Two questions keep coming up. I suggest that both are really false dilemmas.
Paul Willis asks:
"Do you think you could be persuaded by a politician's story over their policies?"
I don’t agree that’s the choice you need to make. If it works, a politician’s (or party’s) own story should work with their stances on issues (or policies), to engage both the heads and the hearts of the public. The personal story will make the policies seem real and authentic; the policies (framed correctly) will provide the substance and exemplify the story.
That’s what Margaret Thatcher succeeded when telling her political story. She argued that the solution to Britain’s economic problems was based on hard work and thrift, with government limiting its own spending and borrowing; England’s middle classes would thrive when freed from the bonds imposed by state socialism and the trade unions. The grocer’s daughter from Grantham worked all hours and played the frugal housewife.
For all his strengths as a personal storyteller, this is what Barack Obama is not doing now. Drew Westen, author of the acclaimed book The Political Brain, says:
"Barack Obama has told one story: that he will bring change and hope. Many have argued, from early in the Democratic primary season, that his was a campaign of soaring rhetoric and words without substance. That charge has "stuck" in the minds of many voters, who say they don't really know who Obama is and where he stands. It's a peculiar charge for a candidate who has laid out detailed plans for every issue of our time. Try going to his website or listening to his wonkish policy addresses.
"But whereas the standard Democratic response is to throw more plans and positions against the wall and hope that they'll stick, that's missing the point: that Obama hasn't yet told a coherent, consistent narrative of who he is that weaves together the themes of his campaign with his own life history. The result is that he has left his race, his exotic history, and the smear campaigns aimed at defining him as "not one of us" to resonate with voters."
The other false choice is: whether to tell a positive story about yourself or a negative one about your opponents.
Drew Westen’s brilliant article explains why this is a blind alley. He discusses why many American voters still have an uneasy feeling about Obama and says:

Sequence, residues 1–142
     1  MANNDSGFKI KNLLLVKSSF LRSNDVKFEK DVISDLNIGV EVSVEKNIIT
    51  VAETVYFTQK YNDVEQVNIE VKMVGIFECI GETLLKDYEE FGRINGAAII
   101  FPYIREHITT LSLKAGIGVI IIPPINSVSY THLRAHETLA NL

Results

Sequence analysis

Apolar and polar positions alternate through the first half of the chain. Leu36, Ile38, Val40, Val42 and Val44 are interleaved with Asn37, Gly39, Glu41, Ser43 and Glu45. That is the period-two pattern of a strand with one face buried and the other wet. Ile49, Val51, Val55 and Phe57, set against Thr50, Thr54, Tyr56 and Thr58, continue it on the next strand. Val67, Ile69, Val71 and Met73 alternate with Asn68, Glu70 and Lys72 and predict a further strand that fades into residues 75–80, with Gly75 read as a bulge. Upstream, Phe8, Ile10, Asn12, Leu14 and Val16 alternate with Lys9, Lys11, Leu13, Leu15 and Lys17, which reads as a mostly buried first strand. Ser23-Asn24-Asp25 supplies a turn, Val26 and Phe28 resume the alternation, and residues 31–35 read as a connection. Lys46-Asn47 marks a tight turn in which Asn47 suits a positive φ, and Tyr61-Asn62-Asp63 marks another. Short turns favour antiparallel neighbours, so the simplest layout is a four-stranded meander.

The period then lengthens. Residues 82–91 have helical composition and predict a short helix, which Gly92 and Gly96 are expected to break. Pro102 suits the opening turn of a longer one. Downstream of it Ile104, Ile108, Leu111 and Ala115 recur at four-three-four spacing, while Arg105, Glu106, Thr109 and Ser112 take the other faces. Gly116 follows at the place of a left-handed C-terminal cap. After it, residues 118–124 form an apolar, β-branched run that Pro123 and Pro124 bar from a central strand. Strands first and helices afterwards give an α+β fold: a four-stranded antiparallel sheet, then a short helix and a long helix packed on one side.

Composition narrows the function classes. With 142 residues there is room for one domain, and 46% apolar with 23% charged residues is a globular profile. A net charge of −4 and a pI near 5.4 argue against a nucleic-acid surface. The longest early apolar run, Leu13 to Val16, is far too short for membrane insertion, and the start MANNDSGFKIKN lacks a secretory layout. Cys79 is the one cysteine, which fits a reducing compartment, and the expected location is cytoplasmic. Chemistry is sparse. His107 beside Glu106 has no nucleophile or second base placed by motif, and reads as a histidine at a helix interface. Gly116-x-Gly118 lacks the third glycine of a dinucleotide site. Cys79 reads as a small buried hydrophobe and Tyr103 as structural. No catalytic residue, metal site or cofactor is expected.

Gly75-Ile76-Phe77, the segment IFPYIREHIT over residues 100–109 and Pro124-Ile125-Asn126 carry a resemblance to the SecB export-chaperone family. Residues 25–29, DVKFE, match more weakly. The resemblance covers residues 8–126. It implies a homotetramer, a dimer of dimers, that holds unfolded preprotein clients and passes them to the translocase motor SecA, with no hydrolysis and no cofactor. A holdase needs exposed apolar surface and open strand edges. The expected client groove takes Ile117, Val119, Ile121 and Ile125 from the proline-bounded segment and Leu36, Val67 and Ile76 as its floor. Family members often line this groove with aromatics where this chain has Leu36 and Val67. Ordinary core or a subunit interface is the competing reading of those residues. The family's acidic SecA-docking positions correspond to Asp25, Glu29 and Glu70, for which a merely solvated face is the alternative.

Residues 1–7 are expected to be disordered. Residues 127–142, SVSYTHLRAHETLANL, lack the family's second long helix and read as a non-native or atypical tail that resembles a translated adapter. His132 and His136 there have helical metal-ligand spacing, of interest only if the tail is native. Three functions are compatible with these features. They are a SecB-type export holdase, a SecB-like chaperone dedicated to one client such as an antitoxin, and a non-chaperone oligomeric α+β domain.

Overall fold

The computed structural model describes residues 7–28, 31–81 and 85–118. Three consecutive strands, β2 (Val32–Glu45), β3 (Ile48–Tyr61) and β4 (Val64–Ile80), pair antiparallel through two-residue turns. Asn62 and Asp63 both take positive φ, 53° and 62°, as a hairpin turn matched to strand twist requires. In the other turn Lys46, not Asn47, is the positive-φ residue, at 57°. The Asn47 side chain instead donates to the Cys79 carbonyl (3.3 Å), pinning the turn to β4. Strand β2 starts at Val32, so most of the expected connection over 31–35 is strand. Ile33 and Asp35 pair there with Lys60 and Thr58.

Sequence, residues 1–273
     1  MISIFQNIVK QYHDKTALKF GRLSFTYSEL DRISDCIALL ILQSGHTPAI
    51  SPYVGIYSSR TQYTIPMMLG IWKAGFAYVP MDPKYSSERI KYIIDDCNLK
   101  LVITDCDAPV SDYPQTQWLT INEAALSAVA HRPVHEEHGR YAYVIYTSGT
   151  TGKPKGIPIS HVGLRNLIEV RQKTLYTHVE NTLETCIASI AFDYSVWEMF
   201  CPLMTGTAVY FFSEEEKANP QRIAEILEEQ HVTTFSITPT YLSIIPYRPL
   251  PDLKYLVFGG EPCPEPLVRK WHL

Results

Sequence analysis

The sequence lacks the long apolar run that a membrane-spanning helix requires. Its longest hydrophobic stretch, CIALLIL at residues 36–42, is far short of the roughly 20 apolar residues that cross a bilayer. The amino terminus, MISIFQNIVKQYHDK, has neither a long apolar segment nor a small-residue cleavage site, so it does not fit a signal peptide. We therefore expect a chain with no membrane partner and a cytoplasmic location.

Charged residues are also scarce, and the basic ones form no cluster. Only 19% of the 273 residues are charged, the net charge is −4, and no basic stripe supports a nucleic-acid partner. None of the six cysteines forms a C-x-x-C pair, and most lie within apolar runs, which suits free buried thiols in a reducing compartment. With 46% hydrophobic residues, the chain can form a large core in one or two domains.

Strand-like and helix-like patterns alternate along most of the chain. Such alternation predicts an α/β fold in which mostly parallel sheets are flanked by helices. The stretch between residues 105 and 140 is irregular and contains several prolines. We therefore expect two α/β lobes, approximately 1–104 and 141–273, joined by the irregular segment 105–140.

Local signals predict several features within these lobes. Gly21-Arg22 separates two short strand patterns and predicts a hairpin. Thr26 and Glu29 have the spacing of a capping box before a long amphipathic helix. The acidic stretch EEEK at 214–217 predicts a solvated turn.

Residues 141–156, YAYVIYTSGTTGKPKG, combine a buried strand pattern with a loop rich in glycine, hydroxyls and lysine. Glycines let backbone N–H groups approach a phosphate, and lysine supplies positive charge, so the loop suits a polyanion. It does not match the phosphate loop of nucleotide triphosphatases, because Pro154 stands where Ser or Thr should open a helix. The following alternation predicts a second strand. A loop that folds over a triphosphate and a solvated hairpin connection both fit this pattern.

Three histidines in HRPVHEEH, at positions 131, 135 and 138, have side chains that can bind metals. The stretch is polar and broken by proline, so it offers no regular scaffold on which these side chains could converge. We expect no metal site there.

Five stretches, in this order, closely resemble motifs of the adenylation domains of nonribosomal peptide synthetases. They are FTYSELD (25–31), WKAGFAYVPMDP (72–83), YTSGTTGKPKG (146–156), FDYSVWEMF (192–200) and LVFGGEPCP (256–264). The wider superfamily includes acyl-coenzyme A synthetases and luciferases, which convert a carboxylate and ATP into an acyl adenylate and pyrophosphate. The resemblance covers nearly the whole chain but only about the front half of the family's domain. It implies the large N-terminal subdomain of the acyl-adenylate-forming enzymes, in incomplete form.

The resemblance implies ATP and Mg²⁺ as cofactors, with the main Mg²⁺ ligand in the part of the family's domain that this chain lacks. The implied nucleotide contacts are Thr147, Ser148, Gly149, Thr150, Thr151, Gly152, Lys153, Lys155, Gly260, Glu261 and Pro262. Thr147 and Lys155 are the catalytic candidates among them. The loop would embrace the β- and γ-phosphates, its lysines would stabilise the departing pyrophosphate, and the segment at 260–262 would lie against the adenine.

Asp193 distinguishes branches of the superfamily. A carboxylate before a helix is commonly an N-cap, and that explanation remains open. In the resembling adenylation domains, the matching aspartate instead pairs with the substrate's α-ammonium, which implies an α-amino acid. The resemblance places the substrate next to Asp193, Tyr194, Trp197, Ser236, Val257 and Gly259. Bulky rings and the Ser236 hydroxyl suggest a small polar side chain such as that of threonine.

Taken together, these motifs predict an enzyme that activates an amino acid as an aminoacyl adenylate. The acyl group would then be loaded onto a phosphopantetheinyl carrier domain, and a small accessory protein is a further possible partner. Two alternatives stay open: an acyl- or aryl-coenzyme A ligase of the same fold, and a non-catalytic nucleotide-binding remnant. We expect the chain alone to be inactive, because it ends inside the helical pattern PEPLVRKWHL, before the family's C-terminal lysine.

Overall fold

"His campaign needs to understand why that happened, because it's the same thing that happened to Al Gore and John Kerry. It's about narratives.
"There is a simple fact about elections that has eluded Democrats in every presidential campaign they have lost in the last 40 years: that as a candidate, you have to focus first and foremost not on a litany of "issues" but on four stories: the story you tell about yourself, the story your opponent is telling about himself, the story your opponent is telling about you, and the story you are telling about your opponent. Candidates who offer compelling stories in all four quadrants of this "message grid" win, and those who leave any of them to chance generally lose."
Westen argues that Al Gore didn't tell any of the four; John Kerry told just one and lost when he failed to respond to the two major stories told about him: that he was a flipflopper and a fake war hero. Neither campaign told a coherent story about George W. Bush.
He goes on:
"John McCain is telling a story about himself--that he's a man of courage and conviction who loves his country. He is telling a story about Obama--that he's a man of none of those things . . . After watching Obama enthrall the rest of the world and the troops McCain claims Obama doesn't support last week, he is now in full attack mode, trying to tell a story about his opponent's greatest strength (that Obama is someone who can inspire people, and can even do so on a world stage, where McCain's master narrative had claimed a decided advantage). So now he is telling the story of Obama as an arrogant, uppity, empty celebrity."
Westen says that, like Kerry, Obama has offered American voters one story (“change and hope”) when he should have offered four. And he wants Obama’s team to be much faster and more forceful when in making a counter-response and to do more to define McCain so as to drive up his negatives (that is, tell a story about him).
Westen’s story quadrants apply in British politics. In 2005, for instance, Tony Blair told a story about himself and his government: that the economy was strong, public services were getting better and it was no time to risk a change. He had a story about the Liberal Democrats: that we were irresponsible and unrealistic in our spending promises. When we took Blair to task over Iraq, he told stories based on his personal courage (“the right thing to do”) and fears about world security. And when we called ourselves “the real alternative”, he claimed that, in voting for the Lib Dems, people could let the Tories in. All of these worked, to various degrees.
Now, two (related) questions:
Do the Liberal Democrats (nationally or in your area) have stories for all four quadrants of Drew Westen’s message grid?
And do our story about the party (and Nick Clegg) and our policy stories match with and embody one another?
More on that soon.